Designing a new British embassy for the post-9/11 world has meant dealing with extremes. These are best summed up in the words of the client: 'On the one hand the ideal embassy is a highly secure underground bunker. On the other hand, it needs to be a marquee with a large sign saying fiDo come in and have a cup of teafl.' At the outset of the design process, with the Istanbul consulate bombing of 2003 fresh in our minds, it sometimes felt like an indulgence to be concerning ourselves with issues of architectural composition, materiality and landscape.
Why not do as the Americans do: 'off-the-shelf ' embassies, small, medium or large, perhaps bearing little relation to context but proven to be highly functional and secure? The answer is that, for the FCO, an embassy is the visual expression of a diplomatic approach based upon engagement and partnership, rather than on the exercise of overwhelming power. A fortress would not be appropriate. We therefore felt that our task was to create a highly secure building that is also generous and respectful to its context in the host country.
Our approach has been to reveal and celebrate this dichotomy rather than to try to hide it. Thus the body of the building is an honestly expressed concrete box, bedded into the sloping site. The form is eroded only at the north-west corner to create a welcoming consular/visa entrance, with a sense of openness where the perimeter wall gives way to railings, allowing the public a view of the building. The harsh but reassuring solidity of the concrete is tempered with the delicate weathering-steel brise soleil, and by the extensive use of traditional elements in the landscape such as habash stone and 'zabur' mud walls. Embassies are, by their nature, cellular and at times labyrinthine, and this building is no exception. We were conscious of this from the start of the project as the client brief established a very clear organisational diagram. Our reaction has been to create a major linear space that runs all the way through the building, containing the two arrival and waiting areas and the central circulation zone.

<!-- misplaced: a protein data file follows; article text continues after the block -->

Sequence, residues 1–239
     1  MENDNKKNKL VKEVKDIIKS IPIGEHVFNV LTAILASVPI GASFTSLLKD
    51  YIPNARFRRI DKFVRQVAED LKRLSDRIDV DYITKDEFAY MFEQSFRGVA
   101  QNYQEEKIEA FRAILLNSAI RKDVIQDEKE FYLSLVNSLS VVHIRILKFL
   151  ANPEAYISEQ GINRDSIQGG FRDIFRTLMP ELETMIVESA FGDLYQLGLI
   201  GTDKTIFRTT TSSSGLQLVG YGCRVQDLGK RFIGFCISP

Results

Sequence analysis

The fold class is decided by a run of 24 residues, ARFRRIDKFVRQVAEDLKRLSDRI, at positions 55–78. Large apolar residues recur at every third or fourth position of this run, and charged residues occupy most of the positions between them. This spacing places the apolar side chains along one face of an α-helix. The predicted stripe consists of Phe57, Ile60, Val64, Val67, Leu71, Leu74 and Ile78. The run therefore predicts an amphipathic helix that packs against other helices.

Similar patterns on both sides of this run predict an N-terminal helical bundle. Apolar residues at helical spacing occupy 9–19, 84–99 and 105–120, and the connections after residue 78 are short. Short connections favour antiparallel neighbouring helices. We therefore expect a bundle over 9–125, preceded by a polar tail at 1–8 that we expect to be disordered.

Although this space is strictly zoned with ballistic glass, it provides a strong sense of visual continuity and orientation. It allows all the people entering the building, regardless of their status, to enjoy the same space from completely different perspectives.
Through architectural devices such as this linking space and the 'open corner', the embassy has achieved the openness that we had hoped for without compromising the overriding need for security.